Architecture in Chicago for fall 2020: A vital season awaits, despite the pandemic. Our 12 picks not to miss.
By BLAIR KAMIN | CHICAGO TRIBUNE | SEP 03, 2020 AT 6:00 AM
Despite the dark shadow cast by COVID-19, the fall architecture season in Chicago promises a luminous array of exhibitions, books and buildings. It will culminate the construction boom that took shape after the Great Recession. Here’s a preview:
Vista Tower reshapes the skyline: The Vista Tower, Chicago’s third tallest building and the world’s tallest building designed by a woman architect, is finally ready for its close-up.
Designed by Chicago architect Jeanne Gang and her firm Studio Gang, the 101-story hotel and condominium tower is expected to welcome its first residents in mid-October. Work to complete the tower’s exterior is still ongoing, but it already has reshaped the city’s skyline.
From its base at 345 E. Wacker Drive, Vista rises as a cluster of three interconnected high-rises, or “stems,” as Gang calls them. Each stem appears to curve inward and outward, giving the tower a distinctly sculptural presence. In Chicago, only the Willis and Trump Towers are taller.
Chicago’s tallest office building since 1990: Another superlative is in store: Chicago’s tallest office building since the completion of Two Prudential Plaza in 1990.
It’s the Bank of America Tower, designed by Chicago’s Goettsch Partners and located at 110 N. Wacker Drive. Although it has 56 stories, the high-rise climbs to a height of 815 feet because of its higher-than-average ceiling heights and 45-foot-high lobby.
Replacing the low-rise General Growth building, the glassy tower sits alongside the south branch of the Chicago River. Architectural highlights along the river include a strongly vertical, serrated facade and a covered, 45-foot-wide riverwalk framed by exposed structural columns. Tenants are expected to start moving in in September.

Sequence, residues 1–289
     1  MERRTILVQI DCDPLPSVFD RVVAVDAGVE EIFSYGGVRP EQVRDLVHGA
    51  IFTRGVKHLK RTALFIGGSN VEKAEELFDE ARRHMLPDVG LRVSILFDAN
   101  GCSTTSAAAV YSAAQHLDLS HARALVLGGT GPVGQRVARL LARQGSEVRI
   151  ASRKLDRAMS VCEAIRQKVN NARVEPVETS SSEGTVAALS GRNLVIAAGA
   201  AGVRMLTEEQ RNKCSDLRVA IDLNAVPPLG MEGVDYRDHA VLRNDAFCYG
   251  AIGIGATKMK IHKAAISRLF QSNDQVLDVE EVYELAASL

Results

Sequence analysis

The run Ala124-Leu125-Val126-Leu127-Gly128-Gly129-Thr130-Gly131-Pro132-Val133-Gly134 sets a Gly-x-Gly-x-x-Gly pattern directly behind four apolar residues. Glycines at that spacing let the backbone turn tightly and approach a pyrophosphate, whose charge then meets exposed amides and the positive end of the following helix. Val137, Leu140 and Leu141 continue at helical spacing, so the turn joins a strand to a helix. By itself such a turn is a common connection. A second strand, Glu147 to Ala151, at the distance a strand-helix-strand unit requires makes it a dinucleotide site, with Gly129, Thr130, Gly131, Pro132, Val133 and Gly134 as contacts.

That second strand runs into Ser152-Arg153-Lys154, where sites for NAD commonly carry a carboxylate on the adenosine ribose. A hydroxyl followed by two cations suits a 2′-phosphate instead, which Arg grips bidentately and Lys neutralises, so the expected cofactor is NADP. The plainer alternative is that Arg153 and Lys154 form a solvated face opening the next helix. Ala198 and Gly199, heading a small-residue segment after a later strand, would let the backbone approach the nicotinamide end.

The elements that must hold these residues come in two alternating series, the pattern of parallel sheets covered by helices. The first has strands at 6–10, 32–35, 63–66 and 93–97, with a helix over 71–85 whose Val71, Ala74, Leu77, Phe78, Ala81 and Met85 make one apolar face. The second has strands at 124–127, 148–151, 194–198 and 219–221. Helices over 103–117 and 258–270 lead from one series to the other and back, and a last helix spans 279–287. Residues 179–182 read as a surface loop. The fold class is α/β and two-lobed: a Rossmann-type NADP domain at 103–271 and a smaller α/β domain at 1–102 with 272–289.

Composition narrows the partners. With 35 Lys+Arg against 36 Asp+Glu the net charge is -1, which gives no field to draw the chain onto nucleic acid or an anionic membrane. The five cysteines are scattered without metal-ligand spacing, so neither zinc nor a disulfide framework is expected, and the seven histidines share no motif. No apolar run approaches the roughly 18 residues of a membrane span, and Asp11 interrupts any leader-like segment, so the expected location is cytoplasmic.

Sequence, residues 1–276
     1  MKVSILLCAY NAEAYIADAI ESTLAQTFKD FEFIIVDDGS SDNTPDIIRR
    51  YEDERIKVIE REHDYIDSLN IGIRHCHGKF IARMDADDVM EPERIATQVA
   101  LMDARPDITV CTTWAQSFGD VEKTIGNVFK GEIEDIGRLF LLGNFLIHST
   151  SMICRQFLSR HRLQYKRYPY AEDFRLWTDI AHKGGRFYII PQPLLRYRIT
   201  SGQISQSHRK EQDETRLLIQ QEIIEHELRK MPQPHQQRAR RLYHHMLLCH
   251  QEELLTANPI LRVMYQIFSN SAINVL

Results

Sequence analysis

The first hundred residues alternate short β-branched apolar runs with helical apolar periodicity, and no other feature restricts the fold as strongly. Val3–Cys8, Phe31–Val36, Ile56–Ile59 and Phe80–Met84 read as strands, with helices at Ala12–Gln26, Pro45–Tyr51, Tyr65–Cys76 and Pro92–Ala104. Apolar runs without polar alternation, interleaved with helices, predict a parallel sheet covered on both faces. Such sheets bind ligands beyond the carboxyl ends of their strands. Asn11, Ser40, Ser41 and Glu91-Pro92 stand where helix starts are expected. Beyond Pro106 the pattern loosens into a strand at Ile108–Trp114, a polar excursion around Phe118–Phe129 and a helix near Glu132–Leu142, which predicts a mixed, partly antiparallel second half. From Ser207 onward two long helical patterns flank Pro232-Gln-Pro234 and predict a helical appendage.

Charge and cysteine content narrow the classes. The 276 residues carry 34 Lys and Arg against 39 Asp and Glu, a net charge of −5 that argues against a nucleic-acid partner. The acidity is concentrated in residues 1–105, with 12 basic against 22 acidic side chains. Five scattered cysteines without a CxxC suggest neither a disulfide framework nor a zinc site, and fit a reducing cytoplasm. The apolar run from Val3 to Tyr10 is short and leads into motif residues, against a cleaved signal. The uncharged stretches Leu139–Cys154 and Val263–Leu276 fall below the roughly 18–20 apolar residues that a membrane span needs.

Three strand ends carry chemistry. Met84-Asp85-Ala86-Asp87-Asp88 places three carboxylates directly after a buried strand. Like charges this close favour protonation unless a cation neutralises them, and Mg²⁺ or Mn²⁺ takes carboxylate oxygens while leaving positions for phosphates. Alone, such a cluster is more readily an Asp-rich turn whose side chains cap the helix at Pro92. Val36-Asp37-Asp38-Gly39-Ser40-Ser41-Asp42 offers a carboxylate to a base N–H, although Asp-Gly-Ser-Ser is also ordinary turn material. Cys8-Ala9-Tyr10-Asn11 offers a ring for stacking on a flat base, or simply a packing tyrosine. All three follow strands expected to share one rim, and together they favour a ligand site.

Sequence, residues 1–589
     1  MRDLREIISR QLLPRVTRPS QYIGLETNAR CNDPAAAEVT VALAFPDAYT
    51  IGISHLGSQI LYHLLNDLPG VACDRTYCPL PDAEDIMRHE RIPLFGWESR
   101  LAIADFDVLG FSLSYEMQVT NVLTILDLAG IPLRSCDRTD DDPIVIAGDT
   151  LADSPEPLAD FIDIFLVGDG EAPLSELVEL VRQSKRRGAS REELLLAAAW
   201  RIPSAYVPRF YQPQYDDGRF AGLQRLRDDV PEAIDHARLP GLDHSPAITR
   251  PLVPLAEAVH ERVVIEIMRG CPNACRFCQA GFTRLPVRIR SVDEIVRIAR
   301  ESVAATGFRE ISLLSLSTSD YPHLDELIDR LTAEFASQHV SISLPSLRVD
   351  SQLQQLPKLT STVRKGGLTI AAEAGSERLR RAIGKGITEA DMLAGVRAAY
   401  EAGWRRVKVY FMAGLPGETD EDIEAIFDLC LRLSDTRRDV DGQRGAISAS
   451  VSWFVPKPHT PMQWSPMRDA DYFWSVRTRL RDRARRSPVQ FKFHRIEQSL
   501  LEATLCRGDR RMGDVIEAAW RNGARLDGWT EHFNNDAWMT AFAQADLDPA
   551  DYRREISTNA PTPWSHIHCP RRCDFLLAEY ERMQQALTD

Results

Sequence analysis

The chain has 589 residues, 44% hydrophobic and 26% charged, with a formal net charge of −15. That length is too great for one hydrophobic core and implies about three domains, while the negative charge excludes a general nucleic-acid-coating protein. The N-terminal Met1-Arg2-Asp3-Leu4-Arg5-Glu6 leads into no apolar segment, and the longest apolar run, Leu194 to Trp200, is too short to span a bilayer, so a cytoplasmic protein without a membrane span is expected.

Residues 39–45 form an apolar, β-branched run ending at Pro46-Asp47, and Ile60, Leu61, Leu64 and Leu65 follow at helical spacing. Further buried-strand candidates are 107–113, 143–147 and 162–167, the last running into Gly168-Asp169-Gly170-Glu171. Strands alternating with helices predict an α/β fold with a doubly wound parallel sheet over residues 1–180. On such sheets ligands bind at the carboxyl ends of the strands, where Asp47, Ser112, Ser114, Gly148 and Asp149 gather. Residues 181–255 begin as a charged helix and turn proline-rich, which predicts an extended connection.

A new hotel on Navy Pier: With relatively few visitors because of the coronavirus pandemic, Navy Pier is closing Sept. 8 until next spring to save money. But the lakefront attraction is still expected to get the first hotel in its 104-year history. Designed by Chicago’s Koo architects, the hotel has been built atop existing structures near the pier’s east end. Part of the Hilton Curio Collection, it has about 220 rooms and is named The Sable in honor of a World War II training ship, an aircraft carrier, that docked at Navy Pier.
The hotel’s developer is aiming for a Nov. 1 opening. Koo’s design includes subtle nautical references and framed views of Lake Michigan and the skyline.
A head-turner at the U of C: Construction is expected to wrap up this fall on the University of Chicago’s David Rubenstein Forum, a high-rise meeting place designed by New York architects Diller Scofidio + Renfro. Located on the south side of the Midway Plaisance, the glass-sheathed building consists of a two-story base and an eight-story tower. The tower flaunts a series of stacked boxes, several of which are dramatically cantilevered. It will house multi-purpose meeting spaces for workshops, academic symposia and lectures. The building’s ground floor will include a wine bar and cafe. The university plans to hold some classes in the Rubenstein Forum this fall, but because of the coronavirus pandemic, the building won’t be fully operational or formally opened until next year.
Chicago showcase for an Indian master: In 2018, Balkrishna Doshi became the first Indian architect to win the Pritzker Architecture Prize, the field’s highest honor.
This fall in Chicago, about 20 of Doshi’s projects, from private homes to entire cities, will be showcased in a traveling exhibition billed as the first U.S. exhibition of his work. Called “Balkrishna Doshi: Architecture for the People,” the show appears at the Wrightwood 659 gallery, at 659 W. Wrightwood Ave. in Chicago’s Lincoln Park neighborhood, Sept. 9 to Dec. 12. On view will be drawings, models, sketches, films, photography and full-scale installations that illustrate the experience of Doshi’s buildings. Tickets are only available online; wrightwood659.org.
Open House adapts to COVID-19: Open House Chicago, the popular festival that gave participants a free, behind-the-facade peek at interiors throughout the city, will have a new (and, I hope, temporary) format this fall, one forced by the coronavirus pandemic.